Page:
For help or more information, contact the Law School’s Westlaw Account Manager Elan Kleis at Elan.Kleis@thomsonreuters.com.

Lexis

Rising 2Ls and 3Ls:

Continuing students are welcome to use their Lexis Advance ID for academic or employment purposes during May – August.

Graduating 3Ls:

Graduating students will have their Lexis Advance IDs automatically transitioned to Graduate IDs on July 1, with access through December 31, 2018. Those graduates going to work for a 501(c)(3) can apply for an ASPIRE ID for a full year of access following graduation. Qualifying graduates can apply from this site: https://www.lexisnexis.com/grad-access/

For help or more information, contact our LexisNexis Account Executive, Carter Isham at carter.isham@lexisnexis.com.

Bloomberg Law

Rising 2Ls and 3Ls:

Bloomberg Law provides unlimited and unrestricted access over the summer. There is no need to register, as your student account will remain active and available all summer.

Graduating 3Ls:

Students graduating this spring have unlimited and unrestricted access to Bloomberg Law for six months after graduation.

For help or more information, contact our Bloomberg Law Account Manager, Chrishantha Vedhanayagam at cvedhanayagam@bna.com.

New report from Mintel on recreational cannabis users

The Library has subscribed to market research from Mintel for many years. These reports focus on consumer markets in the United States and have detailed demographic information on users of products such as skin care, beverages, food, restaurants and more. Their primary customers are businesses selling products in these markets. Many of these customers wanted information on cannabis users and how they might impact their markets, despite the fact that cannabis is not legal for recreational use in most states. Mintel surveyed users and potential users in states where it is legal and produced a report last fall, which is now available to UChicago users. The report is aimed at marketers, but researchers in other disciplines may be interested in the characteristics of cannabis users that Mintel identified.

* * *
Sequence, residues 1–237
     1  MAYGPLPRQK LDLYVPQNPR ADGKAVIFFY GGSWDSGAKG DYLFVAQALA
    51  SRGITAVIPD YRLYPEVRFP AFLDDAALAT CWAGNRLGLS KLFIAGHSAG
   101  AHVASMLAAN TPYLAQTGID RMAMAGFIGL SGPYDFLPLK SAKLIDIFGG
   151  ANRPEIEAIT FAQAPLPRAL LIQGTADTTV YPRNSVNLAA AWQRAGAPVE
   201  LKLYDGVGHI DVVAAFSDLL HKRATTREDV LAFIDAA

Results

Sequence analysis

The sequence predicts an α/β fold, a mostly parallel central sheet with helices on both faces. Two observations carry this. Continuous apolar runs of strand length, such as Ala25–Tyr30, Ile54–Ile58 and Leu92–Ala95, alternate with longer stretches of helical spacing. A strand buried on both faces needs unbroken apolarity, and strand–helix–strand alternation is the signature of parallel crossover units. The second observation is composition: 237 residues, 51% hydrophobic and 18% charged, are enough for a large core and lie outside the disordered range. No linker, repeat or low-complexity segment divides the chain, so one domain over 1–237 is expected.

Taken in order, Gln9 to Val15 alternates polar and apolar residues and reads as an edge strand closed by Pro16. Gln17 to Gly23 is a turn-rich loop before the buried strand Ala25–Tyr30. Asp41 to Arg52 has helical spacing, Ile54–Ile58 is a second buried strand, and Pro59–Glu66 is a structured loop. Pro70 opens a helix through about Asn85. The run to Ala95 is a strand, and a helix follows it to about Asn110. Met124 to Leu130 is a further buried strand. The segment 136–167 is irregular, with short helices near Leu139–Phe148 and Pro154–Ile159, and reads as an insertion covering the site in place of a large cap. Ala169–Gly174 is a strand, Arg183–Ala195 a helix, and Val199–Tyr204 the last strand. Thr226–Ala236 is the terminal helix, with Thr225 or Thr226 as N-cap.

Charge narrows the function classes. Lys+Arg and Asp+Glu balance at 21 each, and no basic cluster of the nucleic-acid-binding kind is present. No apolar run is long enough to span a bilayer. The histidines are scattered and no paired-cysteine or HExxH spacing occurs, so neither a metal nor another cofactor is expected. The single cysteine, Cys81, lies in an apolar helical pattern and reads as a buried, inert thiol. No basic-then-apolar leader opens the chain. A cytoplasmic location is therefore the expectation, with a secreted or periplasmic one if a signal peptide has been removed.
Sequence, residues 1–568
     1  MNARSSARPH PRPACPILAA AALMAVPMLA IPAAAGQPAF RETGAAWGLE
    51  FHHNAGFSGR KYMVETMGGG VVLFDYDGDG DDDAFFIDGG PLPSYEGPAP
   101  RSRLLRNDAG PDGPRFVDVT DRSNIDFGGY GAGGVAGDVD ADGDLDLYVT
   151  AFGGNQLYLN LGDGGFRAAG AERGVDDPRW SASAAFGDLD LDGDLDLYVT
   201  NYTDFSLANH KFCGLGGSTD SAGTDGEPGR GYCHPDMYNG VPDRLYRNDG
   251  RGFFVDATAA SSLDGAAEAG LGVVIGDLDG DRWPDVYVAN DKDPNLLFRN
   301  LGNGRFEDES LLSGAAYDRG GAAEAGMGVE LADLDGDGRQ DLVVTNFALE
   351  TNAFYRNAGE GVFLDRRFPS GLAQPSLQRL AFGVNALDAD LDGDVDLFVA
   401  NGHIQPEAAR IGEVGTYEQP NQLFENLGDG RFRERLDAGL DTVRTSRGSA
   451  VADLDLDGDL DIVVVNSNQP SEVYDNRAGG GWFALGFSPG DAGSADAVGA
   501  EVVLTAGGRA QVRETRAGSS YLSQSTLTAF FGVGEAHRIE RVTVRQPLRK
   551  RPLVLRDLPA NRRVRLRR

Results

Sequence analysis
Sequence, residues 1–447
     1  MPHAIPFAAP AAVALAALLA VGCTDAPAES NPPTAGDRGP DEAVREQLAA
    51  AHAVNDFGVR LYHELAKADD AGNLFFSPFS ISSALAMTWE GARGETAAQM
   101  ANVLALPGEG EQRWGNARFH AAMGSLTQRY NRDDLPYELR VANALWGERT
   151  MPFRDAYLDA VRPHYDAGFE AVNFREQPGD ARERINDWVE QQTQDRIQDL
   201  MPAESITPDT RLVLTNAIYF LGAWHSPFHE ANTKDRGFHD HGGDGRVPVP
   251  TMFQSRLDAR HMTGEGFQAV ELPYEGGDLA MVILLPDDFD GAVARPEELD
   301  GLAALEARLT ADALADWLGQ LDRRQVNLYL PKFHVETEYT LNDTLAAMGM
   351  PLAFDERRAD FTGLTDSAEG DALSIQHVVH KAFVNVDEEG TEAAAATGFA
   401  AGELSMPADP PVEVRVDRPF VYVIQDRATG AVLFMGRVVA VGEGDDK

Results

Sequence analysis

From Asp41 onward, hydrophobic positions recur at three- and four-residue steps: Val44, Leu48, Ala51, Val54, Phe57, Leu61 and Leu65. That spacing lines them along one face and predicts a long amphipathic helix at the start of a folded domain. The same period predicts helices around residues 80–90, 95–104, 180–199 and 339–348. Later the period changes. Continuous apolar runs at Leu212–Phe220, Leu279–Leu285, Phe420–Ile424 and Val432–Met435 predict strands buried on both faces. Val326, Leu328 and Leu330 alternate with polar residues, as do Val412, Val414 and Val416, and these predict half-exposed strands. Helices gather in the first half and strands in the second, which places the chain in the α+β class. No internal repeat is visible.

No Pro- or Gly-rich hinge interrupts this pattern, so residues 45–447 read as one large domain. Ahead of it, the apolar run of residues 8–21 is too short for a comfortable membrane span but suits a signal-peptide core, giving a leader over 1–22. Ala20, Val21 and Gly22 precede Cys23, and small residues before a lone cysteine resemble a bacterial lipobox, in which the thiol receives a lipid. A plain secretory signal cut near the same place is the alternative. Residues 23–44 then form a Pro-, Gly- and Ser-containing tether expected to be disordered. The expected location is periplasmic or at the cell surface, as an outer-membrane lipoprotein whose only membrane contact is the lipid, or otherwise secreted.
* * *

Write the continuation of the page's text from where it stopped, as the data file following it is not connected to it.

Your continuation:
Cannabis Report Homepage

Access the report here.
You must agree to Mintel’s terms of use before you can access this report. These terms are more restrictive than our other databases and do not allow downloads of entire reports or sharing outside of the University of Chicago.

Select the Databook to download an Excel file with all survey questions and responses.

LexisNexis Digital Library

University of Chicago faculty and students now have access to the LexisNexis Digital Library. This database contains legal treatises from LexisNexis and Matthew Bender in eBook form. Until now, we have not been able to offer online access to these titles to faculty and students outside the Law School. Major treatises available include Moore’s Federal Practice, Nimmer on Copyright, and Collier on Bankruptcy. Also available are banking law handbooks and annotated codes, including the United States Code Service and the Illinois Compiled Statutes Annotated.